Food during the breeding season

Hello everyone. We are new to birdwatching and would love some advice on what to offer during the breeding season. So far over the winter we have been putting out sunflower seeds, peanuts, dried mealworms and suet coconuts in our tiny London garden to great success. As I write this there is a goldfinch lazily tossing sunflower seeds over it’s shoulder!

There is a pair of long-tailed tits nesting next door who visit our feeders and I would like to know if there are any particular foods which we could add to their natural foraging that would help them during the breeding season. 

In terms of what to avoid: the peanuts are currently in a mesh feeder, but I was thinking of taking that down soon as I have heard that baby birds can choke if the pieces are too big. Does this sound right? I was also wondering if I ought to soak the mealworms?

Thank you for your expertise and advice!

  • Hello Ellie and Will, welcome from up in Caithness at the very top of Scotland. Folks have their own views about feeding and what to feed. This is what I do and find it successful. I feed all year round, premium seed, sunflower hearts, Niger seed, peanuts, fat balls/cakes. My sunflower hearts, Niger seed and peanuts get eaten, I never have any waste. Outwith the breeding season, I throw down whole peanuts, but from now until nesting is completely over they are in mesh feeders. I have dried mealworms for the robins, (they also love suet pieces) I have never used the live worms, don't know if I could work with them! That is a sure way to get the Robin to be your friend, they maybe will even hand feed for you. Folks in different parts of the country will feed foods others don't, as they find their birds will not eat it, and it gets wasted. I also put out apples and grapes, that have gone a bit soft, the blackbirds love them. You can make your own pastry, cheap and easy to make, shops own brand flour and fat, half fat to flour mix, in to mixture add seed, sunflour hearts, suet, grated cheese, chopped fruit, chopped peanuts, whatever you have to hand, add a splash of water and mix just as you would for human pastry. Leave a few hours in the fridge, you can roll and shape to fit a mesh feeder, or make your own wee containers from empty yoghurt pots and fill those, fill coconut shells, or even pull small pieces of pastry and squeeze round branches in the trees or bushes. They love it,but beware you will have to keep making it once they discover it!! Another thing is to have plenty of water for the birds to bath and drink from.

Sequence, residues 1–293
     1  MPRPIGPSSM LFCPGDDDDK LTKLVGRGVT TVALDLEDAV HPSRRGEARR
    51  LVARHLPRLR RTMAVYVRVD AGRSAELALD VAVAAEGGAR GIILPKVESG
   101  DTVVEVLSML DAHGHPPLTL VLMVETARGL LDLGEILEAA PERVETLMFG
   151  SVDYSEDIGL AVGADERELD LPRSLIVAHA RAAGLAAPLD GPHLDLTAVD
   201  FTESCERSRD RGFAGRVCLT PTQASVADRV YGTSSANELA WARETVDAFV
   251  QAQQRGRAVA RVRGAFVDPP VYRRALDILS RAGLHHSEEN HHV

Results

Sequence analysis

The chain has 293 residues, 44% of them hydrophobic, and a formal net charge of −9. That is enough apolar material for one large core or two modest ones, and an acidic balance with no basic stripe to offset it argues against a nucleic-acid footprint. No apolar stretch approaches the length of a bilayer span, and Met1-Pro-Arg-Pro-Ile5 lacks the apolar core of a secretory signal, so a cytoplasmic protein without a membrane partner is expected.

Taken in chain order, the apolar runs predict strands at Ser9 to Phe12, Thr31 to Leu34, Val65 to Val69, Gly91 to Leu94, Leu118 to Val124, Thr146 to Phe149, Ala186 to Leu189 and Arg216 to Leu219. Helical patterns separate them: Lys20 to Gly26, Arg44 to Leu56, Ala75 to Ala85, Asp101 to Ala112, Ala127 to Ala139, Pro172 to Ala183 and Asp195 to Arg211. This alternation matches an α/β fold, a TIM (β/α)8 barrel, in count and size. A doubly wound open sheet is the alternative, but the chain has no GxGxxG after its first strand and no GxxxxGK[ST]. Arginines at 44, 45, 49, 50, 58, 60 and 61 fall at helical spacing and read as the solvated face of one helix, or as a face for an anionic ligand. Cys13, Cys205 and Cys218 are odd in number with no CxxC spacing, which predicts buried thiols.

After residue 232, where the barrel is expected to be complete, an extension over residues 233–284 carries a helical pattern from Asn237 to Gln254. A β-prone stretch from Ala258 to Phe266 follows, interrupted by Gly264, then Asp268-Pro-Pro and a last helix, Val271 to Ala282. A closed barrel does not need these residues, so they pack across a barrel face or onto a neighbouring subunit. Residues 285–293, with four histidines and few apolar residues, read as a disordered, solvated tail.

Anything you want to look for, if you type in the white search bar the top of the page, you should find posts with the subject. Type in Hazy's pastry as an example, the third post down called Pastry shop open, scroll down to the bottom of the page and go back to page one and see the story from one of our forum friends, about her pastry making. Lots of help available so just ask and someone should get back to you. Good luck.

    Beauty is in the eye of the beholder.

  • In reply to Catlady:

    Dear Catlady,

    Thank you for your wisdom! The pastry is in the fridge!
  • You could try crushed oystershell, which will provide calcium for laying eggs.
  • In reply to EllieandWill:

    Well done you, you will have to let us know how how it is received! I bet it will not last long